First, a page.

Wednesday, August 9, 2017

Early August Garden

"August rain: the best of the summer gone, and the new fall not yet born. The odd uneven time."
Sylvia Plath

I agree with Sylvia, there's something about August.....it leaves me a bit melancholy.....perhaps, it's because this is the month, here in Massachusetts, when we can feel summer coming to an end. There is, however,  still so much joy and satisfaction in the flowerbed. This morning the sun was bright and the air was cool and I was transplanting and potting up plants and planning changes. The big flowerbed is a bit of a jungle and needs training from time to time.

Yet, another Angel Trumpet seedling from Ellen, a friend down the road. I find it frustrating that they pop up all over her garden and I can't get one to grow.....but, I'm not giving up!

Heather is blooming again after I cut it back.

The jury is out on the name of this little wildflower.

When we look at the buds of the Ballon Flower, we know where it got it's common name.

Wild Geranium is still blooming merrily along.

The Woodland "Susan" is a volunteer that was eaten down to the ground this spring but has bounced back wonderfully.

Second flush on this sweet Rose bush. There are never many blooms but they sure are pretty.

It makes me happy that the white Echinachea is surviving the Woodchuck.

A late blooming Daylily.

What a difference a few weeks make. The chair was full of Shasta daisies as you can see by the picture below.
Early July

Red Helenium blooms at a time when the garden needs the color.

Close-up of Helenium

Bees Bum!

Big Blue Hosta flowers are attracting lots of pollinators.....

Indian Pipes have found the woodland garden hospitable....

They're popping up in lots of places

I wish you could see the size of the leaves on this Pulmonaria.....they are huge. It's growing in a galvanized tub.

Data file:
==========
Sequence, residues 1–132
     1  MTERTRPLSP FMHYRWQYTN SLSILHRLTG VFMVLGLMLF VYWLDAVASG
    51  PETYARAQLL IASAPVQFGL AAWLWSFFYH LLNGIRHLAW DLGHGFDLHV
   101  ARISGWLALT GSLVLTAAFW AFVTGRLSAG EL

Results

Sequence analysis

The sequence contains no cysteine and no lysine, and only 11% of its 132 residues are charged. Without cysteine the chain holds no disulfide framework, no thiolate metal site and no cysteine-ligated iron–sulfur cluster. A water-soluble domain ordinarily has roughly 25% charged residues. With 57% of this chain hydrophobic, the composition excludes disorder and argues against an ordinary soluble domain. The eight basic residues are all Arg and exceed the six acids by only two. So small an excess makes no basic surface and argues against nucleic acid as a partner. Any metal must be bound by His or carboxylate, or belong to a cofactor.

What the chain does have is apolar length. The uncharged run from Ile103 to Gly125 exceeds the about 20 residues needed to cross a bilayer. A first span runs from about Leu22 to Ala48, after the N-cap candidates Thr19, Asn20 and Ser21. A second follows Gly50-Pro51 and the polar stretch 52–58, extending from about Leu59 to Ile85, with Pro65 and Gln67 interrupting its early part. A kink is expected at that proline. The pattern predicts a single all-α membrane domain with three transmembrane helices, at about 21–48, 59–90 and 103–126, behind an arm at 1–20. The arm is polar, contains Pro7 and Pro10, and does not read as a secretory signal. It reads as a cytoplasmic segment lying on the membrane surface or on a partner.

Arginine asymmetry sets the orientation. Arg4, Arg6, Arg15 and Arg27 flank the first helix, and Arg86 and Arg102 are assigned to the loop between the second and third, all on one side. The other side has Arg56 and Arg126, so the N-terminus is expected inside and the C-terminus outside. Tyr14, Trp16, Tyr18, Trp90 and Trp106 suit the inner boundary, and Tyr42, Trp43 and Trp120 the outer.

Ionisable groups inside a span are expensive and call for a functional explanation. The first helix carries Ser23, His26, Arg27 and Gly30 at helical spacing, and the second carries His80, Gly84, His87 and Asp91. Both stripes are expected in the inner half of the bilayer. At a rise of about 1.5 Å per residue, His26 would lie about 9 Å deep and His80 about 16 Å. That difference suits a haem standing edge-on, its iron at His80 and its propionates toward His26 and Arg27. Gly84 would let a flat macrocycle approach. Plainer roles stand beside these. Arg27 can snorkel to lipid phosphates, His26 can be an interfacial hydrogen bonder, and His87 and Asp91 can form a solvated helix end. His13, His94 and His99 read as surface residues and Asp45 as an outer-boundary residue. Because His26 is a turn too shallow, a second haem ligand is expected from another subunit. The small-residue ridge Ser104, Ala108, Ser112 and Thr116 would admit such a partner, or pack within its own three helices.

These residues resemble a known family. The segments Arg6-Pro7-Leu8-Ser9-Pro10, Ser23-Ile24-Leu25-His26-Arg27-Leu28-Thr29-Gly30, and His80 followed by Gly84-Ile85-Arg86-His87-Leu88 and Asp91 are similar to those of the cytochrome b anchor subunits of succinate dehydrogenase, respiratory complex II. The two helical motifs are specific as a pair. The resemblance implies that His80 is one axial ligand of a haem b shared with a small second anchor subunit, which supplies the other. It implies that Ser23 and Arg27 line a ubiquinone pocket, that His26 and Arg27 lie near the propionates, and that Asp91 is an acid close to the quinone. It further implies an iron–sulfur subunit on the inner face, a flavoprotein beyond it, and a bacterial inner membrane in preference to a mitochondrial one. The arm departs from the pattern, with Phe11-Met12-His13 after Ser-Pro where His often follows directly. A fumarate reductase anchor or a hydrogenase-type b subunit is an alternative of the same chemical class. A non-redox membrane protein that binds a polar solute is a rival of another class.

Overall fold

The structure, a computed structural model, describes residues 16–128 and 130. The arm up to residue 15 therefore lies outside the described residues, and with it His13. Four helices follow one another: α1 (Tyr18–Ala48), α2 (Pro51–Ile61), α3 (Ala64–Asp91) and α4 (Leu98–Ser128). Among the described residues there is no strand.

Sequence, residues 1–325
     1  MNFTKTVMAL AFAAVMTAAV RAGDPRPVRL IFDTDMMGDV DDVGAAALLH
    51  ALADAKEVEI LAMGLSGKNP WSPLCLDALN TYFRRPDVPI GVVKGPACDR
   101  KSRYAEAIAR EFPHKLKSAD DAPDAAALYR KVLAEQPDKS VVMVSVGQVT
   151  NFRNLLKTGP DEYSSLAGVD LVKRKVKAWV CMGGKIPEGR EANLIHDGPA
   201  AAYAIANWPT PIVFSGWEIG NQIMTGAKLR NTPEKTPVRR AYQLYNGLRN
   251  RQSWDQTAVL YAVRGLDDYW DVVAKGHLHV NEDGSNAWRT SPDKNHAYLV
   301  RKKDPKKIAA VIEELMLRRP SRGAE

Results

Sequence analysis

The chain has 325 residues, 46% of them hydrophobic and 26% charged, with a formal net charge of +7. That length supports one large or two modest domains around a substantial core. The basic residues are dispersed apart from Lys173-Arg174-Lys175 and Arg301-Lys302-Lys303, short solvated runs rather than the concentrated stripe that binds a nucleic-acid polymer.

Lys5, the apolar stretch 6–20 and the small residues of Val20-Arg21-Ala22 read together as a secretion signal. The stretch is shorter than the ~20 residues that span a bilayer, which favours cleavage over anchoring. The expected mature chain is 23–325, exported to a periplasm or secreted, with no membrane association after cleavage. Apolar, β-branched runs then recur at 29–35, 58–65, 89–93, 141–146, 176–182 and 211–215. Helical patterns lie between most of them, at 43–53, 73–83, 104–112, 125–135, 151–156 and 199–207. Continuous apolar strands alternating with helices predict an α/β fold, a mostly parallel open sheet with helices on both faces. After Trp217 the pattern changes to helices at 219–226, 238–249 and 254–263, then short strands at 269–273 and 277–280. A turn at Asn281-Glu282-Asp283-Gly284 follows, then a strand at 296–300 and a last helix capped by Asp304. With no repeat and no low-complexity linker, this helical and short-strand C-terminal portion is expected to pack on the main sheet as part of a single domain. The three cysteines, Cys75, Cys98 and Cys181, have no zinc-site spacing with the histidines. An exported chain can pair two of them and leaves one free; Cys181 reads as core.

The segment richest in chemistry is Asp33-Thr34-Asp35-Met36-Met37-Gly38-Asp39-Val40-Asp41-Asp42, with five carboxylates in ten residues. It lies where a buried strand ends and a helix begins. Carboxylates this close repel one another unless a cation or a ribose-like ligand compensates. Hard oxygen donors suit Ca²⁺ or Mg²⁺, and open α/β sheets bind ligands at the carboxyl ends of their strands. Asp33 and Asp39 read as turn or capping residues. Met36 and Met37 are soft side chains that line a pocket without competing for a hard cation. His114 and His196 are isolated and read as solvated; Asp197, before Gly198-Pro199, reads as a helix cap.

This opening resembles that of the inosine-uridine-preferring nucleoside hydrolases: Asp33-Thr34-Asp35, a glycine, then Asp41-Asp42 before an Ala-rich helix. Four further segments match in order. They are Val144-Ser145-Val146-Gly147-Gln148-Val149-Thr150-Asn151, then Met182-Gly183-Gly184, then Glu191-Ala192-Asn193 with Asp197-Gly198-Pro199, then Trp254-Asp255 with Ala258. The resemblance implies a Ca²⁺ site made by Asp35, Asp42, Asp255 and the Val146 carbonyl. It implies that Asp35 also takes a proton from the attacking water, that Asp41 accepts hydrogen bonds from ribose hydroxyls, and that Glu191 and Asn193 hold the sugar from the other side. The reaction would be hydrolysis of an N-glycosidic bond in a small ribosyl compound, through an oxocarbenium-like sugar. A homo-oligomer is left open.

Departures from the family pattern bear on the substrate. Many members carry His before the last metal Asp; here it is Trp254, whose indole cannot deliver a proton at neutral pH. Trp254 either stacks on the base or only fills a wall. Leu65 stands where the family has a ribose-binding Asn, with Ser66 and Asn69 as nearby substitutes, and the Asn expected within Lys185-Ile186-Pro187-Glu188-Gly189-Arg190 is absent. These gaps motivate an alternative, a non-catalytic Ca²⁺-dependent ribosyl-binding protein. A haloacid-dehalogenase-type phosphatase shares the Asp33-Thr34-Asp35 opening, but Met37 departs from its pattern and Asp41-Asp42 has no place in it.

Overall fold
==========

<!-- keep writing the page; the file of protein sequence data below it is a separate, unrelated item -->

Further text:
Hydrangea is starting to bloom

Spearmint is blooming
My Butterfly bush seems to bloom later than most....it may be because I'm always hacking at it because I planted it too close to the driveway.

They are so pretty close-up. I'm always a little surprised by the center.

From the back porch looking west. In front of the Butterfly bush is a teasel that is native to the Midwest, it believe. It's pretty tame here and is nice in arrangements.


Today, I'm so grateful that there was an avid gardener named Chris who lived across the street when I was a child and let me help her in her gardens. That was a seed well planted! 

Happy Gardening,
Sally








3 comments:

  1. Hi Sally, I am so happy you popped in on my blog and left a message. You certainly have a lot blooming. I know that feeling of not being able to grow something that someone else grows without trying. We just have to persevere. I love the Sylvia Plath quote. I haven't read her much because I think of her as having depressive writing. Maybe I should look again. Cheers and successful gardening.

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    1. Honestly, Lisa, I've never read Sylvia Plath either. It was a quote I found and liked on the internet.

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  2. We have teasel along the side of some roads and once I decided to pick some to go in a flower arrangement. It had thorns down the side and they stuck in my fingers. I don't know if you have the same kind growing, but be careful.

    Jeannie @ GetMeToTheCountry.Blogspot.com

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